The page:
The Ukraine Nuclear Disaster

Not much is known yet about the accident at a Soviet nuclear power station in the Ukraine, but already it is obvious that it was an appalling disaster--the worst in the history of nuclear power. The United States and other Western governments should respond unstintingly to any requests from the Soviet government for humanitarian and technical help to cope with the tragedy. But we also have a right to insist that the Soviets recognize their responsibility to the world community.

The accident, at the Chernobyl nuclear power plant 60 miles north of Kiev, apparently involved a graphite fire resulting from the meltdown of the reactor core. Officially the Soviets admit to only a handful of deaths, but foreign experts fear that the accident’s ultimate toll may be counted in the thousands.

Radioactivity far above normal levels has been reported in Poland and the Scandinavian countries. Radioactive fallout may reach the western coast of the United States within a few days. Experts say there is no danger to public health, but state and federal authorities have a responsibility to monitor the situation closely to be sure this is the case.

Kiev, a city of more than 2 million people, faces the danger of radioactive contamination of its water supply. The Hungarians, who receive power from the Chernobyl complex, will be affected. But the disaster is also bound to have an impact on the Soviet economy as a whole.


The Russians currently rely upon nuclear plants for about 11% of their electric power output and have planned to double nuclear power generation by 1990. Many of the new plants are scheduled for construction in heavily populated areas of European Russia. Surely these plans must now be reviewed. Alarm over the accident is likely to have an impact, too, on nuclear power development in Western Europe, the United States and the Third World.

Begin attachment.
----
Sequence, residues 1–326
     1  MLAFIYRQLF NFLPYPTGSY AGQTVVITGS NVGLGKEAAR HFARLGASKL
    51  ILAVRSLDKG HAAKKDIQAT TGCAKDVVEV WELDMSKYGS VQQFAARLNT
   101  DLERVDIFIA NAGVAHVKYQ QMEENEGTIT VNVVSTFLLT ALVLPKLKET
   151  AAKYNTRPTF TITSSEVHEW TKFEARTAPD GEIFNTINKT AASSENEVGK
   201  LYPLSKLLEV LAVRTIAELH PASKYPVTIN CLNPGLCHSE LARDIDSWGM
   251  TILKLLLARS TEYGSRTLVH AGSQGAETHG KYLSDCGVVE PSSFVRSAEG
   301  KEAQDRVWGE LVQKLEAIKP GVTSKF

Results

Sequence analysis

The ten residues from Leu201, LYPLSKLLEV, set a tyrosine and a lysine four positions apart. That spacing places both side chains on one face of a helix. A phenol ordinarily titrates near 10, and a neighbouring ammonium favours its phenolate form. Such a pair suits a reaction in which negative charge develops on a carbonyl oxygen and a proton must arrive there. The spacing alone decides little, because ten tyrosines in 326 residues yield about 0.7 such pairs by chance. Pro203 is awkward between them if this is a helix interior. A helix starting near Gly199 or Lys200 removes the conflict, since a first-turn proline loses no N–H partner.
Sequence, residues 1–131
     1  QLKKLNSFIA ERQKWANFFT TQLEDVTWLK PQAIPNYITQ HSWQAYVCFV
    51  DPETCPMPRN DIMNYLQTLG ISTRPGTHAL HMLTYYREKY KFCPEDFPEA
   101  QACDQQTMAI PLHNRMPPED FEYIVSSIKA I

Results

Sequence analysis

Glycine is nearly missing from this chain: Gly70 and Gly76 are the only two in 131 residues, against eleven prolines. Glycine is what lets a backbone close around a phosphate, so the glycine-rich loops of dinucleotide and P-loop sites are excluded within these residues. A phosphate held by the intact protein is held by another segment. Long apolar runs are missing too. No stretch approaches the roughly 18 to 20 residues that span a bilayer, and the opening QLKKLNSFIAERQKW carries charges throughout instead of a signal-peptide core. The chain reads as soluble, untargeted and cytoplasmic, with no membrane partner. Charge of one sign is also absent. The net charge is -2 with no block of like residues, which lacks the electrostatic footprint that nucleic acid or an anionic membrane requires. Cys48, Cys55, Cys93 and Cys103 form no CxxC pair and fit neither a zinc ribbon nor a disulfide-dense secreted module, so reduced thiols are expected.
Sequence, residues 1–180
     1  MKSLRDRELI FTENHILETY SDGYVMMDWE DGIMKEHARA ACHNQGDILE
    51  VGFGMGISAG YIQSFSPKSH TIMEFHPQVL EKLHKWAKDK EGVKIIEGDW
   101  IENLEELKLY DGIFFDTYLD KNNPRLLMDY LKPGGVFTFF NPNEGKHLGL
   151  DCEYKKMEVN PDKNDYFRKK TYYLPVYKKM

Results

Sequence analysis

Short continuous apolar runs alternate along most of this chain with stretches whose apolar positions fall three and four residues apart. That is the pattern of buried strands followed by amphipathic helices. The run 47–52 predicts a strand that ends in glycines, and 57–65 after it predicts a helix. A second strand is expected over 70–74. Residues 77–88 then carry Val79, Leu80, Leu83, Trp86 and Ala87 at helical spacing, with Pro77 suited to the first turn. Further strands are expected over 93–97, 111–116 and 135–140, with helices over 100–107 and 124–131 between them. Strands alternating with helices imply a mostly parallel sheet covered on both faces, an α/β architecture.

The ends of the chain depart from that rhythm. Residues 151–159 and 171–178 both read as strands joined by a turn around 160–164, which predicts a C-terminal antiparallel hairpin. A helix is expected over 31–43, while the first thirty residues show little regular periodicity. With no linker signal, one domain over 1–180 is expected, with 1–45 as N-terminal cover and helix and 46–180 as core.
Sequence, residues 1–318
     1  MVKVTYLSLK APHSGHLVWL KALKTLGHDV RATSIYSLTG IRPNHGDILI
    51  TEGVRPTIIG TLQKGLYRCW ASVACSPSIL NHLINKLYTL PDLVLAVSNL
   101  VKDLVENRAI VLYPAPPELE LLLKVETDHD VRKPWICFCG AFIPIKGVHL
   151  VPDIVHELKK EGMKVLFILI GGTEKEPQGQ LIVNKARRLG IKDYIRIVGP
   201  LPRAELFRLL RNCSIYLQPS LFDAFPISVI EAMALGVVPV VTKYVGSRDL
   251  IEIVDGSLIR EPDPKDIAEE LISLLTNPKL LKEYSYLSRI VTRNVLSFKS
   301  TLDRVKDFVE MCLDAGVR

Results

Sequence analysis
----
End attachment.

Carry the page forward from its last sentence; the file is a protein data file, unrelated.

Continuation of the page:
Certain conclusions already can be drawn from the Soviet disaster.

One is reaffirmation that nuclear power generation, like nuclear weapons testing, is not purely the business of the nation where the activity takes place. The world community is affected, and thus has a right to demand minimum safety standards. Those standards clearly have not been met in the Soviet Union, where most nuclear reactors--apparently including the ill-fated plant at Chernobyl, do not have containment structures of the sort that are almost universal outside Russia.

The International Atomic Energy Agency conducts inspections--imperfect, but helpful--aimed at preventing the spread of nuclear weapons. But there is no provision for international safety inspection. There should be.


Another lesson is that, despite all the talk about a more open Soviet press, the Russians did not admit that a nuclear accident had occurred until Swedish complaints forced the issue. The Soviet Union’s neighbors, in particular, have a right to demand a formal agreement under which the Russians, along with everybody else, would be obliged to provide full and timely details when a disaster occurs that could threaten the health and public safety of other nations.